The applicability of these biometric privacy statutes are state-specific and fact intensive inquiries that require a heightened sensitivity to the nature of the organization itself and any subsidiaries or vendors operating on its behalf. Thus, it will be important to remain vigilant as these statutes are passed and litigated over the coming months and years.
One last note: FERPA includes biometric records in its definition of “personally identifiable information.” Because FERPA and state privacy and data protection statutes typically work hand-in-hand to protect student information, a higher education institution would be remiss to only become familiar with FERPA’s requirements and ignore state law requirements—or vice versa—when it comes to the collection, protection, retention, and destruction of student biometric information in the institution’s possession.
Putting Biometric Protection Into Practice

More and more states are moving towards regulation in the biometric space and it is incumbent upon entities that touch that space to err on the side of caution and get ahead of the game. Technological innovation, particularly within the financial sector, is rapidly changing how business, governments, and individuals approach data privacy and security. With the need for quick and reliable authentication to both enhance the user experience and safeguard user accounts, the use of biometrics as the gateway to services will only grow.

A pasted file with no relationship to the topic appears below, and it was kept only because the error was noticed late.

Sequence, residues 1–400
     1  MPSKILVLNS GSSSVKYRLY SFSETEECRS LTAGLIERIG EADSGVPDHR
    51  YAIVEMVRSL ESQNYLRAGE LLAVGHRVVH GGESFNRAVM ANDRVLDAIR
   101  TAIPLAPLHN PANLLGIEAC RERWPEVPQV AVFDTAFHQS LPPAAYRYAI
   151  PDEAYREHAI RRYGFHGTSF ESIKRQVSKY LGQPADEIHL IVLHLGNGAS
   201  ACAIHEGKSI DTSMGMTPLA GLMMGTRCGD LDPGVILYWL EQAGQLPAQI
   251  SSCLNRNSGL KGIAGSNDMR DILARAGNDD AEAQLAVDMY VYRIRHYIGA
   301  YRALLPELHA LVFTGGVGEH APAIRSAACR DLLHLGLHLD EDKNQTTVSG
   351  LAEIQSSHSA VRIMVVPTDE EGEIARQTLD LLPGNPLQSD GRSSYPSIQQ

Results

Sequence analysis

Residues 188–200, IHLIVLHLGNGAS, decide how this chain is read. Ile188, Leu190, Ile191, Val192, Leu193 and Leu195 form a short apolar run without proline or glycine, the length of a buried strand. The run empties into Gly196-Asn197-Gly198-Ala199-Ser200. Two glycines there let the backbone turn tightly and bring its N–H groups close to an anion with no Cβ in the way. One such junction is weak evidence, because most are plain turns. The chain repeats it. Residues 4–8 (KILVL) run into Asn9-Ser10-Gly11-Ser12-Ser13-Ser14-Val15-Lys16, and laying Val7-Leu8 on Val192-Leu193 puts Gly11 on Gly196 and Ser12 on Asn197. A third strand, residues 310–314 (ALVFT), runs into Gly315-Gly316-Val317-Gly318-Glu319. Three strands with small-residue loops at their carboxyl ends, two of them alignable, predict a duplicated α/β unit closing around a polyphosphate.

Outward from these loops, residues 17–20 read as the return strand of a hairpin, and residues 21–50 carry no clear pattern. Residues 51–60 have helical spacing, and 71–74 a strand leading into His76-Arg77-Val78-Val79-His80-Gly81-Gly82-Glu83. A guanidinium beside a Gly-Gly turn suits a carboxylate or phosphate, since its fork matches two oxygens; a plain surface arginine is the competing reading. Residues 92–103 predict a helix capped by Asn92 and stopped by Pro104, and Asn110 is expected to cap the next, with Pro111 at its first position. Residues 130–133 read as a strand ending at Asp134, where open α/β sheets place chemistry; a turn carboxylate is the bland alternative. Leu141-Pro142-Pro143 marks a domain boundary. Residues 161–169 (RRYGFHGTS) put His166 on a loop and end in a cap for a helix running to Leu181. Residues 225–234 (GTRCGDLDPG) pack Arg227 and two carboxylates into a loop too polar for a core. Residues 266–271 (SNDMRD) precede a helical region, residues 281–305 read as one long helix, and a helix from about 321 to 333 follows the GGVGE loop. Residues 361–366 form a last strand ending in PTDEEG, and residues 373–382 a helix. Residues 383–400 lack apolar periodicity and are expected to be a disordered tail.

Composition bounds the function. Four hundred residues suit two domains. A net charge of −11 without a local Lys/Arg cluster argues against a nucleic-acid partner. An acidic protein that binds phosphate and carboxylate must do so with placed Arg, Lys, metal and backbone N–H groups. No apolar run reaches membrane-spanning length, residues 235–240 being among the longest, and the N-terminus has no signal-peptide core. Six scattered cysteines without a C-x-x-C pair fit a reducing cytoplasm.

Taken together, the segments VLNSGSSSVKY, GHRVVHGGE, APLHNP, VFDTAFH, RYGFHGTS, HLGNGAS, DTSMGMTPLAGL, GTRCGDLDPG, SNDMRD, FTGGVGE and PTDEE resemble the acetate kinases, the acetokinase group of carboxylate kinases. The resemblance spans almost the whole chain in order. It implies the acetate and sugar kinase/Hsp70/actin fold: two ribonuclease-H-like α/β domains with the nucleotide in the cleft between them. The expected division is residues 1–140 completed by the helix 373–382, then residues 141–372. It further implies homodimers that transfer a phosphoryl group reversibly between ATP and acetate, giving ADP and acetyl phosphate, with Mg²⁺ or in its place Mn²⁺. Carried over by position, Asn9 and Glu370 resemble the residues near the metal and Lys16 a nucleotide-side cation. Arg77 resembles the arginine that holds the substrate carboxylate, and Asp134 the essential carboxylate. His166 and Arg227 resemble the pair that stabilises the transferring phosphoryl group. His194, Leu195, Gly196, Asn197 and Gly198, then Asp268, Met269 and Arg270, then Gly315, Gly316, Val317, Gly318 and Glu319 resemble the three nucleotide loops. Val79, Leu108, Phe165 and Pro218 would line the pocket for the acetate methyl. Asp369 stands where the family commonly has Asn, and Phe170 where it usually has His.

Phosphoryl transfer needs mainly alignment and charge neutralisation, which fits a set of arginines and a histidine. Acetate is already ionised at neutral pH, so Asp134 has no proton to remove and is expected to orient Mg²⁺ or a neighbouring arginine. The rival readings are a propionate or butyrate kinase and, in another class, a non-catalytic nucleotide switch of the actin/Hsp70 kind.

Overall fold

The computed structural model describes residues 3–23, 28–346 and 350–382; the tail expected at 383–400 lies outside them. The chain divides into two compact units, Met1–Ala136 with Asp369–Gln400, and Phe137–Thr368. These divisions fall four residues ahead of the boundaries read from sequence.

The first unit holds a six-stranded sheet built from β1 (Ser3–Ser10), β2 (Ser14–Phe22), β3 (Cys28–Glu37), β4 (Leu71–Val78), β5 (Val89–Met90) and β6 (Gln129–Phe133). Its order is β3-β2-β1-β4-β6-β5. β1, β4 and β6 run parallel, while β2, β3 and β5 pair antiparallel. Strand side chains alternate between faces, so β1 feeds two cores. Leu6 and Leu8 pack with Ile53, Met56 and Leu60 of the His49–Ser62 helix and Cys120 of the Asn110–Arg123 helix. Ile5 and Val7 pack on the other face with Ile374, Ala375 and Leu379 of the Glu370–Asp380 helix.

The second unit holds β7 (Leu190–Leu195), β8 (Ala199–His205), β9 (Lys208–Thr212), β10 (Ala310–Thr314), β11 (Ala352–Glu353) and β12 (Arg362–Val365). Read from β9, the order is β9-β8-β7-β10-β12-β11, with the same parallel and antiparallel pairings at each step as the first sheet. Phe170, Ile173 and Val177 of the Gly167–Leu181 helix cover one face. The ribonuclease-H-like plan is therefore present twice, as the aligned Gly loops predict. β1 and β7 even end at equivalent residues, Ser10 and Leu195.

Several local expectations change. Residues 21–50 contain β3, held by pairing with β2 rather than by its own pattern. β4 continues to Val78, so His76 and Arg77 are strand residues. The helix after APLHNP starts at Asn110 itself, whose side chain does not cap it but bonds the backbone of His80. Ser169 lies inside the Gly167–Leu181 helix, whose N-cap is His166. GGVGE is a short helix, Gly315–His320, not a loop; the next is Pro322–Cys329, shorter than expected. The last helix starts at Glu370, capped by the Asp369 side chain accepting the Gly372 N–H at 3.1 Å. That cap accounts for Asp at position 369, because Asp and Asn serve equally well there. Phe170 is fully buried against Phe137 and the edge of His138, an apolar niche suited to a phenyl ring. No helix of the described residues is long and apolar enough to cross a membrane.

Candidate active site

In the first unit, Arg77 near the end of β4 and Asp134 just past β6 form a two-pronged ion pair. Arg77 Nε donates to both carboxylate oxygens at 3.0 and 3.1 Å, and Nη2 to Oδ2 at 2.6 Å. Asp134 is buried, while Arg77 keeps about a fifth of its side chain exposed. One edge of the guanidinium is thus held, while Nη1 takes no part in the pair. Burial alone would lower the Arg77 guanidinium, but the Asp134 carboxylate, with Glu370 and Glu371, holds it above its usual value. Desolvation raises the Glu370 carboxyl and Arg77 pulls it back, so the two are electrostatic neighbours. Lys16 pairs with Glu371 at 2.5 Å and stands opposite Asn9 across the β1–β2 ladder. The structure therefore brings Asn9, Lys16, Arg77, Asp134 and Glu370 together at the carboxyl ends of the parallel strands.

So what can you do? As an initial matter, gain an understanding of what personally identifiable information, including but not limited to biometric information, your institution is collecting and verify your data protection and retention practices. Do you know what student biometric information is being collected and how it is being used? Think creatively about the source of information, the lifespan of the information, and who has access to that information.
Next, look at your third-party vendors with an eye towards your contracts with them. Student education records include those records that are directly related to a student and maintained by an educational institution or by a party acting for the institution. As the collegiate ecosystem becomes more prolific in terms of embracing technology vendors, it is reasonable to believe that the list of those “acting for the institution” will grow. If necessary, take steps to amend or modify your existing contracts. Modifications may include the:

  • incorporation of appropriate contractual terms, such as a requirement to protect the information according to current industry standards;
  • periodic deletion of unnecessary personal information; and
  • inclusion of indemnification provisions for liability exposure.

Finally, update your privacy policies and create a schedule to ensure that you routinely keep them up-to-date.
Take these steps and be proactive about biometric information—it will only increase in importance from here.
Saul Ewing’s Cybersecurity and Privacy Practice is able to assist organizations in assessing their cybersecurity risks and taking proactive steps to mitigate and reduce those risks. For more information on these matters, please contact the authors or the attorney at the firm with whom you are regularly in contact.